One thing the church did was implement safe environment training. It is meant to, among other things, educate the community about common predatory behaviors. The idea is that greater awareness will help prevent abuse. Lauren shared that, at her daughters’ Catechesis of the Good Shepherd, parents who do not want their kids to go to safe environment training are instructed to simply keep their kids home the day of the training. But the catechesis program did not give parents tips on what to tell their children about sexual abuse.
Dioceses in the United States have also organized a number of healing Masses. While certainly well intended, Lauren said these Masses can be retraumatizing for survivors. Small groups facilitated by licensed mental health professionals may be more effective, she said.
A Step Backward
In 2005, St. Tim’s parishioners welcomed the Rev. Jack Spaulding as the next pastor. He gained notoriety in the diocese for being part of a group that claimed to have received visions and locutions of Mary and Jesus in 1988. At our parish, Father Jack made a number of changes, like commissioning a mural of saints behind the altar and requiring the use of a Catholic translation rather than the New International Version that was being used for Bible studies. Before Masses, the church would be buzzing with conversations. But Father Jack insisted on a quiet sanctuary. Predictably, parishioners celebrated some of these changes and questioned others.
Then in 2011, allegations of sexual abuse involving Father Jack surfaced. He died of pancreatic cancer in 2020, the same year a Maricopa Grand Jury charged him with six counts of sexual abuse with a minor and one count of molestation of a child.
“People at St. Tim’s were still hurting, and then with Father Jack, it just kept compounding,” Julie said. “We didn’t know the truth of a lot of things, but we just saw all the rubble and the destruction.”
Nan Hillebrand had known Father Jack for decades. Her husband, Paul, worked as a music minister for Father Jack for 20 years at different parishes. Nan works as a counselor at a diocesan Catholic high school. (And she’s friends with my mother.)
Some of the reaction to the abuse crisis felt like a step backward, Nan said. The church became more patriarchal, more top down. “It was like an overreaction, you know, ‘We’re going to try even harder to be holy.’ And yeah, we’re called to be holy. But what does that mean [in this context]?” It almost seems like some priests have a fear of being seen as human, Nan said.
“I see a lot of these young priests taking on a role, again, thinking that they have to be something for us that we don’t need from them,” Nan said. She recalled a “really sweet priest” telling those gathered for daily Mass that he would “get the wisdom and then reveal it to us,” Nan said. “So earnestly, but the idea was that all the wisdom that we got was going to come from him. And I thought, ‘Oh buddy, that’s not the way.’ But you know he learned that from somewhere.
“Priests mess up. They’re not perfect,” she said. “And I feel so badly for these young guys, and I want to say to them: ‘We’re not expecting you to be perfect. Please don’t think you’re perfect.’”
Healing to hand on the faith
Over the last two decades, the Catholic Church in the United States has witnessed an explosion of disaffiliated adults. Fewer and fewer Americans identify as Christians, and the sexual abuse scandal is often cited as a contributing factor.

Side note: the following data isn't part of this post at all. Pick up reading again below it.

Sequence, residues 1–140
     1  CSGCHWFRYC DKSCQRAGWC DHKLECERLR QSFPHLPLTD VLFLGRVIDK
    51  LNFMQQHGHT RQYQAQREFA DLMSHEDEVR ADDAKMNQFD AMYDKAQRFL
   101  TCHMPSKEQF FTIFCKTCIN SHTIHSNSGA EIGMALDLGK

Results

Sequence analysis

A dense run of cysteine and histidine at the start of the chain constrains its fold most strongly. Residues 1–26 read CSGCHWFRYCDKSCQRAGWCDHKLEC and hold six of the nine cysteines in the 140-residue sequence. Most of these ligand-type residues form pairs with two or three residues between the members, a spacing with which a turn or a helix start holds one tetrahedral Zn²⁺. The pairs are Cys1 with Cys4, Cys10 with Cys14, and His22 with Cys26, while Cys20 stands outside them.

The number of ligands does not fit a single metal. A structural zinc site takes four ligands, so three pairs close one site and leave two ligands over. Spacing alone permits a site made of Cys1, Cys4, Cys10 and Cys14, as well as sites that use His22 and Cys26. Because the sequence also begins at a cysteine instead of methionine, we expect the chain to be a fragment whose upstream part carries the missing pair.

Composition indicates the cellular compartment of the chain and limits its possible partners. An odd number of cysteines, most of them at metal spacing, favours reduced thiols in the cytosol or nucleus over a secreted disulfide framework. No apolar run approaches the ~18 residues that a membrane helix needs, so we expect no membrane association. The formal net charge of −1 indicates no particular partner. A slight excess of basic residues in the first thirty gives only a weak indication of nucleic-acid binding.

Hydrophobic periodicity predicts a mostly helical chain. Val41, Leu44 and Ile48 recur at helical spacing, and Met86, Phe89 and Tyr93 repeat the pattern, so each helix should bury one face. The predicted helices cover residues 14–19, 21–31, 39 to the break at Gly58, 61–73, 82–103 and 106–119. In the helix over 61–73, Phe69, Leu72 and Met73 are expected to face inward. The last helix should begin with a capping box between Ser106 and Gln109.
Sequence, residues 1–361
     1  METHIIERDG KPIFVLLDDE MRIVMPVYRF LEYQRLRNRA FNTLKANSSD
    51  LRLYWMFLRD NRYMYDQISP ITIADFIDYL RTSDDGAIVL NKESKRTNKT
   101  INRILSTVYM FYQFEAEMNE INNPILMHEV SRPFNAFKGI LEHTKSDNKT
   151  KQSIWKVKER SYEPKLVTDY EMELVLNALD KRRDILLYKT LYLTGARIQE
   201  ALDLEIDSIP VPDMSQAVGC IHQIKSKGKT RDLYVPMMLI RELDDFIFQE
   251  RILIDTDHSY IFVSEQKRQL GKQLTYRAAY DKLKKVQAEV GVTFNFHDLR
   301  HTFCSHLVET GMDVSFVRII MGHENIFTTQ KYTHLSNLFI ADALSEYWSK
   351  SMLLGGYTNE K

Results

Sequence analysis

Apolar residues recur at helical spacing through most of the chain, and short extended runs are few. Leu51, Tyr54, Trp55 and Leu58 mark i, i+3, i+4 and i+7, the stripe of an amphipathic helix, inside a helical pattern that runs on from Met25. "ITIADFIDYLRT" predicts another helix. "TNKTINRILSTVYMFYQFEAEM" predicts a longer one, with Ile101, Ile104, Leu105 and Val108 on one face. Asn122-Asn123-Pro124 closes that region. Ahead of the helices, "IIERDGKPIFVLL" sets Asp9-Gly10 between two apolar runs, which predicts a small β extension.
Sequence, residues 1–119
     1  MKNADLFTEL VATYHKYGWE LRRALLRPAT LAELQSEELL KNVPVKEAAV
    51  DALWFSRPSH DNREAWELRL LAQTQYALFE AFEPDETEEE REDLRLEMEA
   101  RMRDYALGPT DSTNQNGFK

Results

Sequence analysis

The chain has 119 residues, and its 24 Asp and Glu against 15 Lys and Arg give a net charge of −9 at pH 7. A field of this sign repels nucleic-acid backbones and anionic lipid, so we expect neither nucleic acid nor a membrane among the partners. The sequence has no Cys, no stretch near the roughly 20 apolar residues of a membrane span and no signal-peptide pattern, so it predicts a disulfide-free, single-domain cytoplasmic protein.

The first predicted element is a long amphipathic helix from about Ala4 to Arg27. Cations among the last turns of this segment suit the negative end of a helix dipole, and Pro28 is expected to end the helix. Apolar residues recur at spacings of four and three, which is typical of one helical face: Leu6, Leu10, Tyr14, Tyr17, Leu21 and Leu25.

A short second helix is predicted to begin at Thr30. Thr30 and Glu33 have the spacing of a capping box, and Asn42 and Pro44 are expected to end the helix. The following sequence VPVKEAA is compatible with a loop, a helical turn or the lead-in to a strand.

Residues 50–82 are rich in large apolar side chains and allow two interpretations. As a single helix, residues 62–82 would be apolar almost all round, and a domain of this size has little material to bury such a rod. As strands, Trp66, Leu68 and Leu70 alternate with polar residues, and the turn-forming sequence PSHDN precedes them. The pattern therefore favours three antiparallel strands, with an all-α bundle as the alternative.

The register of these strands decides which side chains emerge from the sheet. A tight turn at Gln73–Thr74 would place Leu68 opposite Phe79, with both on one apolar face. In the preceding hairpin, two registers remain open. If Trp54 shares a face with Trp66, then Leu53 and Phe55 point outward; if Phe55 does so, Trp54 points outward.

Nan told me that a lot of Catholic high school students simply aren’t interested in the church. She suggested parents talk to their kids, even if they feel they don’t have many answers. “Just saying something simple is enough so that kids know, ‘If you have questions, I may not have answers but we can talk about it,’” she said. “I’m not afraid to talk about it. And I’m not afraid to say this is hard for me, too. Life is really messy.’”
Over time, Diane began organizing a group of mothers from different parishes who came together to support each other. It included women whose children struggled with addiction, with unprocessed grief and some who had children that died at a young age. While these children may not have been victims of abuse directly, she said, they still suffered through it. As Diane described it, “the trust [in the church] broke for these kids.”
“We were a community of women in need of healing. And so we just started gathering once a month, and we would have some kind of artistic expression and a beautiful meal,” Diane said. “And we would all nurture each other in our creative work. If you don’t take care of yourself as a mother, you’re not going to be able to care for the spiritual, emotional needs of your children.”
Mothers, Diane told me, should play a critical role in the church going forward. They should have a seat at the table where decisions are made in the church—especially in light of the sexual abuse crisis. The bishops, she said, haven’t done nearly enough.
“How do you heal? Well, you have to heal the bishops. Because they’re the shepherds,” Diane said. “And how do you heal them? Through their baptismal call, which is to repent. Only in that repentance are they on that common ground as Christian believers. Only then can trust between the sheep and shepherd be reestablished.”
The abuse crisis has too often been framed as a case of “a few bad apples.” It’s about the individual priest rather than the communal church. In a way, Diane said, it mirrors the 2010 change in the Creed’s translation from “We believe” to “I believe.”
“It’s one word, but I think it reflects a shift in mentality. ‘I believe,’ what does that say?” she asked. “Those individuals committed these crimes, not ‘we’? So we cut off these individuals, and we’re fine? We have not worked on how we heal the ‘we.’ That’s a big deal.”
Diane compared it to sick branches being cut off a vine. If the soil isn’t nourished, the vine will still be unhealthy. “What’s in the soil is what matters,” she said. “If we don’t look at the ‘we,’ then we can’t give love and healing as a community. So we have to heal the community.”
J.D. Long-García is a senior editor at America.